- laevis ‘Snow Cloud’- upright, oval-shaped, good as an ornamental street tree, purplish blue fruit, scarlet fall color.
- canadensis ‘Rainbow Pillar’ or ‘Glenn Form’ – has a dense, upright symmetrical habit, white flowers, purplish-black fruit, unaffected by powdery mildew, patented in 1995.
- canadensis ‘Prince William’- a multi-stemmed shrub with an upright, spreading habit, usually used as an ornamental, sweet black fruit, tomato-orange fall foliage.
- alnifolia ‘Northline’ – very cold hardy, large shrub with a height of up to 10’ and 7’ spread, a good fruit producer.
- alnifolia ‘Regent’- dwarf shrub type with a rounded crown, extra sweet fruit.
- alnifolia ‘Smokey’- sweet, flavorful blue-black fruit, very productive, usually grown as a multi-stemmed bush.
The cultivars below are hybrids of Amelanchier arborea and Amelanchier laevis:
- x grandiflora ‘Autumn Brilliance’- preferred by many nurserymen for its large white flowers, brilliant orange-red fall foliage, outstanding in a single trunk form, good disease resistance.
- x grandiflora ‘Princess Diana’- one of the most desired ornamental varieties, yellow flower buds, white flowers, deep purple fruit, red fall foliage on a wide canopy, patented in 1987.
- x grandiflora ‘Robin Hill’ – pink flower buds and an upright habit.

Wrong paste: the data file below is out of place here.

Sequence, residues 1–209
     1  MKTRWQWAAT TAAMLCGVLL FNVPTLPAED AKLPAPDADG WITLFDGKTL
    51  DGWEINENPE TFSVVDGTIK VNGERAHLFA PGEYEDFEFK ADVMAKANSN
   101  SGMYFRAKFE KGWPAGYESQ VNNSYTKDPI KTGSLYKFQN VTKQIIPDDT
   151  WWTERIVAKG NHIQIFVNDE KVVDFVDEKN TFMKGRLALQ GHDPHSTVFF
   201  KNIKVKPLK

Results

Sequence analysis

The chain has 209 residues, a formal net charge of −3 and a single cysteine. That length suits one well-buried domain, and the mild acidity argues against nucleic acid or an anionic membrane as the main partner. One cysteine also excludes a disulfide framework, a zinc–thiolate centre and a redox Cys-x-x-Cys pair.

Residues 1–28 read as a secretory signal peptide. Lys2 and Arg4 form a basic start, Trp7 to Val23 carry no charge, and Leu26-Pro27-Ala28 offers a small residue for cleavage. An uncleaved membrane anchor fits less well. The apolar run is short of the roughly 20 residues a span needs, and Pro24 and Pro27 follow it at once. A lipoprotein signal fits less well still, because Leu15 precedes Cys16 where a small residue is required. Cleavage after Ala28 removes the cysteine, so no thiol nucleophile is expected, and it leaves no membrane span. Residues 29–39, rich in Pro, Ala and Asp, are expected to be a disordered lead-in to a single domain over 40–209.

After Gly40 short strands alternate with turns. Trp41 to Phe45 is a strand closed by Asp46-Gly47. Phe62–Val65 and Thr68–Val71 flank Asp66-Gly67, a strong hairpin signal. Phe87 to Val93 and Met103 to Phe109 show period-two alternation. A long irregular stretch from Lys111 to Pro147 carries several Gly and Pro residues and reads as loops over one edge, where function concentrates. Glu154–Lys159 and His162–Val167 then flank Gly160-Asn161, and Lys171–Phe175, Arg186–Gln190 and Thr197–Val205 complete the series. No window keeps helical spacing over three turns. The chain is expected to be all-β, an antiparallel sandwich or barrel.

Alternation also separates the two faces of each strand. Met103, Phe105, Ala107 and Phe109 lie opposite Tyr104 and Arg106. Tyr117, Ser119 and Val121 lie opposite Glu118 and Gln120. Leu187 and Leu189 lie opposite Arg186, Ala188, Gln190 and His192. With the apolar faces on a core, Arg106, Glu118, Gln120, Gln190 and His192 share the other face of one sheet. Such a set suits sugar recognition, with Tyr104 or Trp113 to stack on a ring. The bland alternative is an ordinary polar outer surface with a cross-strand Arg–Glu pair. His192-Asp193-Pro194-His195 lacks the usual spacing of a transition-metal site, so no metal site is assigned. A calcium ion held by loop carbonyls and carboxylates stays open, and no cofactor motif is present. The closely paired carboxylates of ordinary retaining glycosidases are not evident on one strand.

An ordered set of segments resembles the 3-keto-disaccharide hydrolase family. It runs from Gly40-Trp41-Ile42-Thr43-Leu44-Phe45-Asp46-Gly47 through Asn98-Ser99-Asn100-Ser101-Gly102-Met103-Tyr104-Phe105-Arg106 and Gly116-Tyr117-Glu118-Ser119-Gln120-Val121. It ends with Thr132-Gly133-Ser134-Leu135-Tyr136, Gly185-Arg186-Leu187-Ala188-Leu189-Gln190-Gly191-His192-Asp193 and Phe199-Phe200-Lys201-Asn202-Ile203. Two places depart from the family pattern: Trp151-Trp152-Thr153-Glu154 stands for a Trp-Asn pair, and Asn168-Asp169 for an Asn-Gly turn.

Hazards & Cautions
Amelanchier leaves, flower buds and twigs contain prunasin, a precursor to hydrogen cyanide. If these plants parts are consumed in large enough quantities, it has the potential to be fatal to cattle. So, it is recommended to clear pasture areas of any Amelanchiers. But there are no other poisonous look-alike plants to worry about when foraging for berries.
Summary / Conclusion
There is considerable potential for the commercial production of juneberries, Amelanchier arborea, in the Southeast. Saskatoon berries, Amelanchier alnifolia, have been commercially grown for decades in both the Pacific Northwest and Canada. The time is right for juneberries to also be successfully produced in the Southeast with the current demand for this unique fruit among professional chefs and home cooks alike.
There are a limited number of retail nurseries carrying juneberry starter plants:
- Raintree Nursery (Morton, WA)
- One Green World (Portland, OR)